He credits the advances to a continued focus on consumer-led innovation.
Hamilton says retailers around the world are typically hesitant to commit: “They’ll look at a company for two or three years.”
However, the Sistema brand is winning them over around the world, gaining greater acceptance in Europe, North America and Africa.
Hamilton is proud of how forward-thinking Sistema’s design team is. He says the pipeline of innovation with regards to product design is years deep, giving the company a strategic advantage over competitors.
“Cameron’s working on things now that you won’t see until 2020.”
Part of Lindsay’s mission at Ambiente is to tour the other plastic household goods exhibitors and compare Sistema’s product to theirs. Asked how he felt about that comparison in 2017, Lindsay confirmed he was “absolutely” happy with what he saw. He considers Sistema to be best in class for its category.
“We started with food storage and it’s just category after category, they took over.”
Lindsay sees Sistema’s future as having products “in every part of the home”.
He’s installed a subtle design reference into Sistema’s booth this year, adding coloured blades vertically across the display shelves. Each colour represents a new product range, and the blades themselves echo the shape of Sistema’s clips.
“We’re just trying to echo the product values,” Lindsay says.
Regarding Sistema’s $660 million sale in December 2016 to US company Newell Brands, Hamilton says it’s “business as usual”. The new ownership takes over in April, after which Hamilton expects little change: “They don’t want to interrupt what’s already been coming out of this business, they want to continue it.”
Newell Brands has agreed to continue manufacturing Sistema products in New Zealand for the next 20 years.
How European retailers get customers’ attention
The exchange of information between retailers and retail experts is a key part of Ambiente. Madeleine Wellern, Lodenfrey and Off&Co Munich, led a presentation at the trade fair on how omnisensory retail can help retailers sell more items by developing a narrative about their stock.
“You can have the most splendid things, but if they’re not presented well, they won’t sell,” Wellern says.
Instead of simply arranging the items in your store, Wellern recommends taking the time to think about what kind of story the items tell, and how they fit with the narrative your store is already telling. Everything in your store must be appropriate for the customer base you’re targeting.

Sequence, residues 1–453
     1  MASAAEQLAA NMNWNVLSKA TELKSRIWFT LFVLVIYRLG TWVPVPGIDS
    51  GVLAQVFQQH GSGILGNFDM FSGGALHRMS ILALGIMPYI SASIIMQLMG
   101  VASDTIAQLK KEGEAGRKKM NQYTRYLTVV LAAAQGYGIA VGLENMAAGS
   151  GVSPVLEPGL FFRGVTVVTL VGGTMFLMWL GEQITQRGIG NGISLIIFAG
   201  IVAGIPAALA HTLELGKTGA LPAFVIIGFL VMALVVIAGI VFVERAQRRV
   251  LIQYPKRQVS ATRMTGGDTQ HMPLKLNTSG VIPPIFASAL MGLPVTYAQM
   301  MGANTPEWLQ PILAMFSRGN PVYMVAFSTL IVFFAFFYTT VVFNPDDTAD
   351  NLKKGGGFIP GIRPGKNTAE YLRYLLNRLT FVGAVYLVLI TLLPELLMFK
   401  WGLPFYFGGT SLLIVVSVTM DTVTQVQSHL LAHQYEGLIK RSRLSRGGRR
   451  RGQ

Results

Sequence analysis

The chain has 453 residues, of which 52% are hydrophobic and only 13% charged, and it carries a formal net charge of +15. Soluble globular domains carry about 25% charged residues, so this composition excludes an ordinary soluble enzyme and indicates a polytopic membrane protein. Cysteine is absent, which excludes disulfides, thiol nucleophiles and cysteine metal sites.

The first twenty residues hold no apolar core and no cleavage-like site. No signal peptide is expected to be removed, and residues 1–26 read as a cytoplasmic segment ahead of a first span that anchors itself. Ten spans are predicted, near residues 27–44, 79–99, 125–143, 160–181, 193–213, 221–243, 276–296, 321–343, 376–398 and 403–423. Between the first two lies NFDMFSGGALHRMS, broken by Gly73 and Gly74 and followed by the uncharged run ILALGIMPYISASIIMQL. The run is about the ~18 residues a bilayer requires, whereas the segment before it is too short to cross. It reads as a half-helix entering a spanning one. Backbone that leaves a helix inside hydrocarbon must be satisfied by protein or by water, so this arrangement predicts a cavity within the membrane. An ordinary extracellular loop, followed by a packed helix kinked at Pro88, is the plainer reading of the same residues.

“Your shopper must identify with your story,” Wellern says.
Storytelling in retail is about selling in a curated, branded way. Wellern recommends selecting stock based on how you want to address your customers, with the aim of triggering a feeling of belonging and identification within your store.
If you’re developing a new line, do it in a systematic way, and question whether the line fits with your existing offer, Wellern says. She advises retailers to be ruthless with any item which is out of step with their offering: “Put it away, it will kill things.”
For best practice, Wellern points towards French retailer Colette, which has a concept store in Paris covering nearly 800 square metres over three floors. The cult label sells clothing and accessories, but also branded “silly things” like lozenges and figurines. A pair of otherwise unremarkable white sneakers with laces in Colette’s signature royal blue sold out after two days, Wellern says.
“Any small, silly item, they turn it into a story.”
Lessons from European ecommerce
Statista 2017 reports that €73 billion is generated in online sales each year in Germany – 80 percent of which comes from SMEs. According to 2015 research from ECC Cologne, 60 percent of German online retailers also have a bricks and mortar store.
New Zealand’s ecommerce market is less developed at an estimated annual spend of $3.8 billion according to BNZ’s ‘New Zealand Online Retail Sales’ report for January 2017.
At Ambiente, Franziska Ulbricht of Handlerbund Management AG assured retailers in a presentation that ecommerce would continue to grow at least into the 2020s: “Let me encourage you, online retail is booming.”
To get the best out of a multichannel strategy, Ulbricht recommended that retailers prioritise combining channels “in a way that makes customers happy”. Among the important factors were to have a one-brand strategy which elicits instant recognition from customers across all channels.
“If you have different prices or the design is not consistent, the customer will be suspicious.”
Ulbricht gave some fascinating examples of German retailers which are doing omnichannel right:
MyMuesli. This breakfast cereal retailer allows customers to select their own individually-mixed muesli combinations. It started out as pureplay, then opened pop-up stores. Ulbricht says the pop-ups are about visibility, and attract an older generation which may not find MyMuesli independently online.
Tchibo. This multi-category retailer is celebrating its 20th online anniversary in 2017. It’s a café chain, but it also sells a selection of other products like clothing and electrical appliances – it’s even moved into services such as insurance. Ulbricht says the lesson to be learned from Tchibo is to not have identical channels, but make sure there’s benefits from each.
Mister Spex. Like MyMuesli, Mister Spex started online, but its Berlin pop-up was such a success that it’s been opening more pop-ups to meet customer expectations.